Much of the pain around including references to TFS assemblies and other dependencies can be removed by using NuGet to set up the assemblies. The only gotcha I found was that if you are importing a VS project whose target framework is say 4.0, then the NuGet execution fails.
In those cases, target say 4.6 and things will be fine.
Using the NuGet rather than adding references by hand does create an enormous amount of bloat, as the NuGet package picks up anything that MIGHT be needed as a dependency, and sticks it under References.
So working through the example screenshots below, the flow shows (credit here btw for the source Solution):
- The build fails because the References cannot be found
- We do an initial NuGet execution, which also fails
- We then move from the 4.0 target to 4.6
- Redo the NuGet import
- Rebuild – compile succeeds
Short examples of a mix of passing and failing Pester tests being rendered in a browser, using ReportUnit, available on NuGet, and ingesting NUnit output format. Check out the browser screenshots below first for the end result.
# Runs all test suites, passes the output to the NUnit format, renders it, displays in a browser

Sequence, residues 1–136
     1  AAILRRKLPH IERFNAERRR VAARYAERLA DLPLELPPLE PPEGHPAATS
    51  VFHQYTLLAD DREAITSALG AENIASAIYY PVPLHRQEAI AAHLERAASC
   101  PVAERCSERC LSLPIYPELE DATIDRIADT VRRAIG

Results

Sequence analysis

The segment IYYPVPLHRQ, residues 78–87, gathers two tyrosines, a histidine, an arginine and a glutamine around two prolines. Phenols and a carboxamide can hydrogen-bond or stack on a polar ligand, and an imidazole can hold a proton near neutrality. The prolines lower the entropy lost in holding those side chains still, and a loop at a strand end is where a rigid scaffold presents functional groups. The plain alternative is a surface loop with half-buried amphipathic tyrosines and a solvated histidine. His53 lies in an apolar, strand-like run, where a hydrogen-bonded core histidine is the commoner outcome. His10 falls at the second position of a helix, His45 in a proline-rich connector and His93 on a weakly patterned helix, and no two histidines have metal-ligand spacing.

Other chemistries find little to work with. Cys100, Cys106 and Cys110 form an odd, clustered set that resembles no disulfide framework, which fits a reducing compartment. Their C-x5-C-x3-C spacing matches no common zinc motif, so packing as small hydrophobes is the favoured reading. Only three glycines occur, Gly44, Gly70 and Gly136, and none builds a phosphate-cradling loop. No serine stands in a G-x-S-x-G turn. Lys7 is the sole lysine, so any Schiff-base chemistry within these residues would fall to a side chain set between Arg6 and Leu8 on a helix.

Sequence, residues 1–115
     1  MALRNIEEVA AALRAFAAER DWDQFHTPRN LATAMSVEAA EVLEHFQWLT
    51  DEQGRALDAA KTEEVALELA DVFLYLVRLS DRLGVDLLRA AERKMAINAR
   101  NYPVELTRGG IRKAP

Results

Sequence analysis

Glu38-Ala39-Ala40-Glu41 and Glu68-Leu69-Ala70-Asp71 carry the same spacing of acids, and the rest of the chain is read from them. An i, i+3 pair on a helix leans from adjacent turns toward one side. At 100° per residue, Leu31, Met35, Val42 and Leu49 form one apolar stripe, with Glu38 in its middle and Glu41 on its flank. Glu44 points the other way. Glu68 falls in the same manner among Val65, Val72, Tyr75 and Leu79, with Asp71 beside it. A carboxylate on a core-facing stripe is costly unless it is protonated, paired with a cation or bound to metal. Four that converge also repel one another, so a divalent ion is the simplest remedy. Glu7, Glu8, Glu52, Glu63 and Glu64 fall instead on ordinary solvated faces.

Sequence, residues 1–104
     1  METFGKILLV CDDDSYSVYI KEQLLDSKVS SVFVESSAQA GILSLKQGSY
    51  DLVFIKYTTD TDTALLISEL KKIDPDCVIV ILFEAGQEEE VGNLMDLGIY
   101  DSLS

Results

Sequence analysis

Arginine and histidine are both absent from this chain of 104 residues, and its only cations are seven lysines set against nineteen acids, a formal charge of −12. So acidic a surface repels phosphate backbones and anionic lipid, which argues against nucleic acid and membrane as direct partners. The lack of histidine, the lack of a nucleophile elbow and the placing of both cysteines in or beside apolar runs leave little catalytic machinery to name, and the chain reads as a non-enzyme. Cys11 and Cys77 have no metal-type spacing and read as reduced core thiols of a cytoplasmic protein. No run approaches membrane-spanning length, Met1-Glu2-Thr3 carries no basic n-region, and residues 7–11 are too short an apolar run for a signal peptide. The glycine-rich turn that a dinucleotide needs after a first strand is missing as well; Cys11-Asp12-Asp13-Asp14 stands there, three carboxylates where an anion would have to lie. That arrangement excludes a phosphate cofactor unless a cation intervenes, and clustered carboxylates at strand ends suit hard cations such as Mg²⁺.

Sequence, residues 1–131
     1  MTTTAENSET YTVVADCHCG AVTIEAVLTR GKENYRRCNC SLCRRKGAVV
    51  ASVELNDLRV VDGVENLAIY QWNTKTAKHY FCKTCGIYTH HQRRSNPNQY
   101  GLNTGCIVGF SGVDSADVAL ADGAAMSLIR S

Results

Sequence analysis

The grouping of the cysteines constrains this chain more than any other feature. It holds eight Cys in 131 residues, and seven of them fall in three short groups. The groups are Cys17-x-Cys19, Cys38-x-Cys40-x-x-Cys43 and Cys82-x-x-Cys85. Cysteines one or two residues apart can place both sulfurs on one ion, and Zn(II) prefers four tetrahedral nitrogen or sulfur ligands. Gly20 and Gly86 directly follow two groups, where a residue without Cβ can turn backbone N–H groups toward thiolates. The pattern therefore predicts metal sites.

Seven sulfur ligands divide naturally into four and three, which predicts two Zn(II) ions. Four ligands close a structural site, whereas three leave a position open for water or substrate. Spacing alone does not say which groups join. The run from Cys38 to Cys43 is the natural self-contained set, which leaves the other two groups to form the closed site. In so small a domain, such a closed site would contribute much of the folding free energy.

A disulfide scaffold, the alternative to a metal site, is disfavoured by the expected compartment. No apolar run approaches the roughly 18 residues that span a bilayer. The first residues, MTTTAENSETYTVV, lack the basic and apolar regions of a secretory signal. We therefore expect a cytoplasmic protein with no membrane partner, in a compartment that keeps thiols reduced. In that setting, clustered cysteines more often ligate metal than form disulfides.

# see my article here for installing nuget via Choco:
nuget.exe install ReportUnit
#Then, for example...
# Execute all the tests
$outputName = Get-Random
$outputFile = "$PSScriptRoot/$outputName.xml"
$htmlFile = "$PSScriptRoot/$outputName.html"
Invoke-Pester -PassThru -Strict -OutputFile $outputFile -OutputFormat NUnitXml
Start-Process chrome $htmlFile
VSFF* – Visual Studio Full Fat. Just to make an obvious distinction with VSCode.
Roslyn, AKA the .Net Compiler Platform, is used in Visual Studio 2015 for the C# and Visual Basic compilers. MS Blog. My motivation is that I want a simple, small C# compiler footprint that I can use with Visual Studio Code.
Now Visual Studio is anything but lightweight (they REALLY got this naming wrong between VS and VS Code)… but if you go to Roslyn on GitHub, download Nuget.exe as Raw, go to Powershell I guess as Administrator, and run this:
.\nuget.exe install Microsoft.Net.Compilers
then you get the csc.exe and its dependencies.
Screenshots to cover all that:
Compilation using csc.exe
We then come to actually compiling something trivial. msdn guidance here.
This is a linked page from there to the simplest possible console app. Just SO disappointing in a page about VS2015, they’re using a Windows Batch script to wrap it and not PowerShell. Anyhoo… if you have this content:
(tidy up another time)
Link to the Roslyn wiki on GitHub: https://github.com/dotnet/roslyn/wiki/FAQ